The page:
My father, John Betke, passed away September 17, 2010. I was honored to give his eulogy. Thinking about him this week I thought I might share it.
Dad at the Brandenburg Gate, Berlin, 2006.
It's been overwhelming, but not surprising, to see so many people come out to pay respects to John. I've spoken with childhood friends from Valley Stream, neighbors from Rockaway Turnpike, so many colleagues from Lufthansa, and friends and family from Commack, especially all of the Keenan family.
Everyone has great memories, some from old times and others more recent, but every story ends with the same sentiment, about how much Dad gave of himself, and how generous and helpful he always tried to be.
I know how he helped take care of his parents and Aunt Linda and Uncle Eddie, how much he's done for Grandma Keenan and how involved he was at Abiding Presence. But there are so many friends and neighbors reminding me of times Dad visited a sick friend at the hospital, or remembered that someone liked chili or pumpkin pie, so he would bring some along next time he visited. And how so many colleagues at Lufthansa became lifelong friends because of the interest or help Dad showed them.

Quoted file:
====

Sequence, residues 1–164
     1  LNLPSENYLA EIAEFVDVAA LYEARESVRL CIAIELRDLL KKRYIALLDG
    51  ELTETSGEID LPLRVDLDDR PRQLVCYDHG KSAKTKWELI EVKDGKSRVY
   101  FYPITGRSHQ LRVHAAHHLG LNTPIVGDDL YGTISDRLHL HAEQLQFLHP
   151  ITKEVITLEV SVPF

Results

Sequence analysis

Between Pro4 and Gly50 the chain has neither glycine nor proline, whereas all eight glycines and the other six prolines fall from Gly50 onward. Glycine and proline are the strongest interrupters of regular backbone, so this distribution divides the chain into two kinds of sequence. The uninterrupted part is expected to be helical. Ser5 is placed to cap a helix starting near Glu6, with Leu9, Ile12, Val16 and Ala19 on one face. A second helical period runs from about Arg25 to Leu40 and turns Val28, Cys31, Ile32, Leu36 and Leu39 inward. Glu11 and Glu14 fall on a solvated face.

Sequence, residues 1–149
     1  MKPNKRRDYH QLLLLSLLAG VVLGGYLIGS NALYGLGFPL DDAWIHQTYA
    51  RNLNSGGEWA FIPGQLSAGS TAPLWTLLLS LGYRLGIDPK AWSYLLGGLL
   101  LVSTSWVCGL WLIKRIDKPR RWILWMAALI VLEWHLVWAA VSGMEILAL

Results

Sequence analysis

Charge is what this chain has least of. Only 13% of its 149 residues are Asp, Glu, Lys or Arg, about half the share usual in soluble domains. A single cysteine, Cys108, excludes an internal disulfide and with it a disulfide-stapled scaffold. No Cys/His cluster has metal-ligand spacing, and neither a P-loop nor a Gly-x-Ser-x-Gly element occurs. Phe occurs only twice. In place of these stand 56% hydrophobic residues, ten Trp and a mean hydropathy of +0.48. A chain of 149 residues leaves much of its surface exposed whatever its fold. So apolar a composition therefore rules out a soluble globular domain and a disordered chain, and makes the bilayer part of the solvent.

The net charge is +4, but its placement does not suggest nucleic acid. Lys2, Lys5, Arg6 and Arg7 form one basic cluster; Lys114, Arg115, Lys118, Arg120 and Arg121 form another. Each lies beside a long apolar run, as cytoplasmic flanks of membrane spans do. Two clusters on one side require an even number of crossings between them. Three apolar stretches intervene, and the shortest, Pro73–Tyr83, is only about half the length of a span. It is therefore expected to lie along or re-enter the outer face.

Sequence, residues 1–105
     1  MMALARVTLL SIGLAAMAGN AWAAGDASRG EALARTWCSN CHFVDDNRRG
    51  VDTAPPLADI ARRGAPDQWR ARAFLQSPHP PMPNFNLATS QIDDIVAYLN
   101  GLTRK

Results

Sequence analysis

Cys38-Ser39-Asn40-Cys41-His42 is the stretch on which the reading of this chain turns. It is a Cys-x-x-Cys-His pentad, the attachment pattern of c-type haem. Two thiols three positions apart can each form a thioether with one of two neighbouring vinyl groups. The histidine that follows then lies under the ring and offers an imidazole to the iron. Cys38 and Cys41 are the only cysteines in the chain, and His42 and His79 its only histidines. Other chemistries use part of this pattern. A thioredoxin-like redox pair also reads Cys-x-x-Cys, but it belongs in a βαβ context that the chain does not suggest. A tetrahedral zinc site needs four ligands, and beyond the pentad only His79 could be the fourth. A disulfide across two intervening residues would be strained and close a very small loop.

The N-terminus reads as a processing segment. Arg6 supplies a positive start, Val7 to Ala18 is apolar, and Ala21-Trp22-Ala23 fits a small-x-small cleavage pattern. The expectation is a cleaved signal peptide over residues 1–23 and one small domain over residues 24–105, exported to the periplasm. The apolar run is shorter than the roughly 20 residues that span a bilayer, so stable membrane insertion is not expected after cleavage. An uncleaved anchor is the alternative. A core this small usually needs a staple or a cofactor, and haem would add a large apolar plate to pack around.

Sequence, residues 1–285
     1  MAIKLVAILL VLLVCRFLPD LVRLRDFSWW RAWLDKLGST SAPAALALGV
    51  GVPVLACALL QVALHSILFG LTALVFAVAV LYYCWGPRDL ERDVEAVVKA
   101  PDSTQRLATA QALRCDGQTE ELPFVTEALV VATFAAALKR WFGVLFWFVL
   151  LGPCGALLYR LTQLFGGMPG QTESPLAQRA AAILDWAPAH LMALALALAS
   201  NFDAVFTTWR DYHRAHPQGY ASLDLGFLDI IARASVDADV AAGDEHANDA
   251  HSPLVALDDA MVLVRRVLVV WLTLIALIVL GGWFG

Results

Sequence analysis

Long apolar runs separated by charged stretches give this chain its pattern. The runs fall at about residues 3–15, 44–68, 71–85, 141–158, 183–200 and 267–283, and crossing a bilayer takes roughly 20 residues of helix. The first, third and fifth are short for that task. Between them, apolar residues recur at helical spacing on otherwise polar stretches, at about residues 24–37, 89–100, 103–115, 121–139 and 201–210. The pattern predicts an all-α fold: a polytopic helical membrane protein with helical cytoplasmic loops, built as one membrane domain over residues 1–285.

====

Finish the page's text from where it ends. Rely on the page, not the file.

Dad was a thoughtful man. He listened to people and remembered what was important to you. He cultivated these friendships through a million acts of kindness that endeared him to all of us. He did this out of love, especially for those who needed the most help or care.
When Dad just told me he was sick he said he didn't have a "bucket list." He wasn't going to change his routine or rush to get things done. I know I find comfort thinking about experiences we shared, and which most of us here shared with him in some way. Family dinners and work picnics, road trips upstate or down south, and adventures overseas, bowling and snooker and golf; Dad enjoyed himself. He made the most of his life, especially his life with Ellen and Meagan, and I think he showed myself and my three sisters how to travel, how to compete, how to eat, and how to be happy.
When I get back home to Chicago this week I think I'll cook up some of John's Swedish meatballs and maybe some chili, and I'll think about ways I can be more like Dad, a little more thoughtful and kind, a little more giving of myself.